When health insurers increase cost-sharing for members, it can result in several negative health outcomes and higher mortality, according to a working paper published by the National Bureau of Economic Research.
The working paper, authored by researchers from Cambridge, Mass.-based Harvard University and the University of California at Berkeley, analyzed enrollees who were in Medicare's prescription drug program from 2007-12.
The researchers found a $10.40 increase in out-of-pocket price per prescription was linked with a 22.6 percent drop in prescription drug use. They also found the increased price was associated with a 32.7 percent increase in monthly mortality.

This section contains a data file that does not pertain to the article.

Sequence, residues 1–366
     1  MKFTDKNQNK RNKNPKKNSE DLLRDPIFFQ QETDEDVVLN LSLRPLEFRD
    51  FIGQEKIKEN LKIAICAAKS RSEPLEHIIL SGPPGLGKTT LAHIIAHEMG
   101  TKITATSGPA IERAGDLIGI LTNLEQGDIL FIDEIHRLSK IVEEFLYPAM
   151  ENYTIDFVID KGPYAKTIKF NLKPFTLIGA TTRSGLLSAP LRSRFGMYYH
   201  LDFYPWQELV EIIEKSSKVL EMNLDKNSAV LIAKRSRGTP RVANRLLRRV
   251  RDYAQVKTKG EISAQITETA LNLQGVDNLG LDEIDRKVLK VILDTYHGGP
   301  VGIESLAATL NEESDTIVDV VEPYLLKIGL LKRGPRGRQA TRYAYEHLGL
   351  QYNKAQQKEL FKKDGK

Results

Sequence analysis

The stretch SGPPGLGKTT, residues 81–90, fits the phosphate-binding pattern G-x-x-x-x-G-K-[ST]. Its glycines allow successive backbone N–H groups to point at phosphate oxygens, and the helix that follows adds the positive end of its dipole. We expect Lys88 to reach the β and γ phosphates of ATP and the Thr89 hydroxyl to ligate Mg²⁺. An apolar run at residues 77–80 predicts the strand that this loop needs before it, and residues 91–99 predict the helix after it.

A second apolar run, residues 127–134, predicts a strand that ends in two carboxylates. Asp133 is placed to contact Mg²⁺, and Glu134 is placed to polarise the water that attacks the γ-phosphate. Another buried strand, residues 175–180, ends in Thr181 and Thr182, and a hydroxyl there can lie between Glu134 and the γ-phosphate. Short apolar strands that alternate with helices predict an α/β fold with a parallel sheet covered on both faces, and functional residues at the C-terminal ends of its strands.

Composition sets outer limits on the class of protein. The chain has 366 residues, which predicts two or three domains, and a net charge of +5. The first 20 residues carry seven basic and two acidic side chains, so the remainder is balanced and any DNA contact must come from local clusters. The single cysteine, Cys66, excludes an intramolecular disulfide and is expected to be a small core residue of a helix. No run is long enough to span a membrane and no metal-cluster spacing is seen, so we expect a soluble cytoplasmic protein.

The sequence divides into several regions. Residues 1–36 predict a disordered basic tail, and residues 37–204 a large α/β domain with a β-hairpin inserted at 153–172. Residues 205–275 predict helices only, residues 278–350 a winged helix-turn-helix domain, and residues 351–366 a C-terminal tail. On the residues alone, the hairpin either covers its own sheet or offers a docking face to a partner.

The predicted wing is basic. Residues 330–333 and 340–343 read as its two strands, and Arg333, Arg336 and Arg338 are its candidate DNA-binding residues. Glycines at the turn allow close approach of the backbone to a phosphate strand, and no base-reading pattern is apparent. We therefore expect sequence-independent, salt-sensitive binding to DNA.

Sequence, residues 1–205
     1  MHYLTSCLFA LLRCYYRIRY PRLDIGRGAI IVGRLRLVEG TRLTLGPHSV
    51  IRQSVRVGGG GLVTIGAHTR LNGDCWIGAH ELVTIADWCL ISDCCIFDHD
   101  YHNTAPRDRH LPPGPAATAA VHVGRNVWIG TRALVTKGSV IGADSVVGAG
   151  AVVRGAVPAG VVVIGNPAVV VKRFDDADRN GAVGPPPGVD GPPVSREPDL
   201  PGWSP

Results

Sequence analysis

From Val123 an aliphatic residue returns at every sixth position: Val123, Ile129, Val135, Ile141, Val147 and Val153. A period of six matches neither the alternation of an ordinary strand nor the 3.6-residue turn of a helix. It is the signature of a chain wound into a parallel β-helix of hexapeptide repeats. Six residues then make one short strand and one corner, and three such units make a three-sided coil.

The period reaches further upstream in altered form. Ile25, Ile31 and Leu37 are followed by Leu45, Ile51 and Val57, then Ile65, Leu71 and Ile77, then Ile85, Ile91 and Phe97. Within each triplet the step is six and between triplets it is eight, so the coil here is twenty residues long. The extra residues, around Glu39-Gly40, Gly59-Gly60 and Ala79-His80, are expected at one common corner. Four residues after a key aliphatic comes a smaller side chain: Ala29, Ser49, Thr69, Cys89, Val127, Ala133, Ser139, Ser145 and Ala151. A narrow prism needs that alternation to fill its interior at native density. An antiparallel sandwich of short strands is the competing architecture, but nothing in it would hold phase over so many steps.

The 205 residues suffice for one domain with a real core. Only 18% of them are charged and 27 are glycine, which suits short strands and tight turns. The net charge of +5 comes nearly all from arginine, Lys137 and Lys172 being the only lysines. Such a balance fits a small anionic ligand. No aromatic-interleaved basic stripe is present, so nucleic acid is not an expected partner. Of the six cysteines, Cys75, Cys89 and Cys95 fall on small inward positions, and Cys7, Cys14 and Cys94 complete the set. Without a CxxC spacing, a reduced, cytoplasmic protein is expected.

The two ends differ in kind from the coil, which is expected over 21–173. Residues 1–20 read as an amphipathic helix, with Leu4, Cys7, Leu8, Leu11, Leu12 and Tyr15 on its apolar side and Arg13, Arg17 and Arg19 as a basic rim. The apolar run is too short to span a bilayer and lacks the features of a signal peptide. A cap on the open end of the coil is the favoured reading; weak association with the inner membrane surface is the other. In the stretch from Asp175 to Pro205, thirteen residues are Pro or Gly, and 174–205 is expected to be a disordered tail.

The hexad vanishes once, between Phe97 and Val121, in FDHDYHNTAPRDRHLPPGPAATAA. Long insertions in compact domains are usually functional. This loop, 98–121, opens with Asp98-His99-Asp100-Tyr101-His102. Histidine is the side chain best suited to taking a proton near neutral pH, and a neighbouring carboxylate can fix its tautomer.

Additionally, increases in prescription drug costs affected high-risk patients the most, as beneficiaries with greater risk of heart attack and stroke tended to cut back on statins and antihypertensives more than lower-risk patients, the study authors found.
"When faced with complex, high-dimensional choice problems, patients respond in simple, perverse ways," the authors wrote. "Specifically, price increases cause 18 percent more patients to fill no drugs, regardless of how many drugs they had been on previously, or their health risks."
Read the full working paper here.